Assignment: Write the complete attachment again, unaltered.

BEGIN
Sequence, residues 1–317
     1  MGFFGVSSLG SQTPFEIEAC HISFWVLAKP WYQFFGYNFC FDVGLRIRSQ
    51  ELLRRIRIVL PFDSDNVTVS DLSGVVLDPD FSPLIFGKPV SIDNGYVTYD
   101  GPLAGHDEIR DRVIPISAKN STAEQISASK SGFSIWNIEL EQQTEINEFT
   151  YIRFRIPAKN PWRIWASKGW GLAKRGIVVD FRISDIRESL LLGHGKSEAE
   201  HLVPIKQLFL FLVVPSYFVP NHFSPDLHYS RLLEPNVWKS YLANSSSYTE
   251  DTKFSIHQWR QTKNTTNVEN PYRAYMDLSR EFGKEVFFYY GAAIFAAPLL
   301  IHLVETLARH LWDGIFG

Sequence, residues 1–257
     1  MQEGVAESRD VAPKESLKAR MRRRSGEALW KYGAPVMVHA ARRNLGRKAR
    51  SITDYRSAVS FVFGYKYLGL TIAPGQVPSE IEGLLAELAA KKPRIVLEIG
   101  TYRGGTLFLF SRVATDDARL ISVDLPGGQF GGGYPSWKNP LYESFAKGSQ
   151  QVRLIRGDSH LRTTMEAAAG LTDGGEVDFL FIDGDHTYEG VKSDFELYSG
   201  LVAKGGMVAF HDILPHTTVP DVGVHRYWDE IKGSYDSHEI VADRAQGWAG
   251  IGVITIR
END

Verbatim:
Sequence, residues 1–317
     1  MGFFGVSSLG SQTPFEIEAC HISFWVLAKP WYQFFGYNFC FDVGLRIRSQ
    51  ELLRRIRIVL PFDSDNVTVS DLSGVVLDPD FSPLIFGKPV SIDNGYVTYD
   101  GPLAGHDEIR DRVIPISAKN STAEQISASK SGFSIWNIEL EQQTEINEFT
   151  YIRFRIPAKN PWRIWASKGW GLAKRGIVVD FRISDIRESL LLGHGKSEAE
   201  HLVPIKQLFL FLVVPSYFVP NHFSPDLHYS RLLEPNVWKS YLANSSSYTE
   251  DTKFSIHQWR QTKNTTNVEN PYRAYMDLSR EFGKEVFFYY GAAIFAAPLL
   301  IHLVETLARH LWDGIFG

Sequence, residues 1–257
     1  MQEGVAESRD VAPKESLKAR MRRRSGEALW KYGAPVMVHA ARRNLGRKAR
    51  SITDYRSAVS FVFGYKYLGL TIAPGQVPSE IEGLLAELAA KKPRIVLEIG
   101  TYRGGTLFLF SRVATDDARL ISVDLPGGQF GGGYPSWKNP LYESFAKGSQ
   151  QVRLIRGDSH LRTTMEAAAG LTDGGEVDFL FIDGDHTYEG VKSDFELYSG
   201  LVAKGGMVAF HDILPHTTVP DVGVHRYWDE IKGSYDSHEI VADRAQGWAG
   251  IGVITIR